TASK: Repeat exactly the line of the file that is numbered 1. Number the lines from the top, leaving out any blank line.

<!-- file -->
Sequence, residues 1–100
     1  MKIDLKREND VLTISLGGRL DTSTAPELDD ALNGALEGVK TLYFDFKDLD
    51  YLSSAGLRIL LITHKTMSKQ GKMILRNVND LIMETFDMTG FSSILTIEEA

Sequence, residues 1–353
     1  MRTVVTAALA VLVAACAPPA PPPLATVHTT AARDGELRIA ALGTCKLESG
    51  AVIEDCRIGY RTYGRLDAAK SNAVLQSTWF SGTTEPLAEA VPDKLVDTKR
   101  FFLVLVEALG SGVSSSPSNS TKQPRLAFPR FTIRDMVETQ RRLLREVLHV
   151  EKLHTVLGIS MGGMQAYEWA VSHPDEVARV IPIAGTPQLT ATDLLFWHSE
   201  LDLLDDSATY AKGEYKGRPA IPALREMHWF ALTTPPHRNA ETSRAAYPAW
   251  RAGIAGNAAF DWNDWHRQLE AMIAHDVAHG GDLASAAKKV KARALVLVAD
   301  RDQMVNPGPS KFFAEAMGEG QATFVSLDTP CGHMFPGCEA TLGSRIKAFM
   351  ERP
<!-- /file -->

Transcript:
Sequence, residues 1–100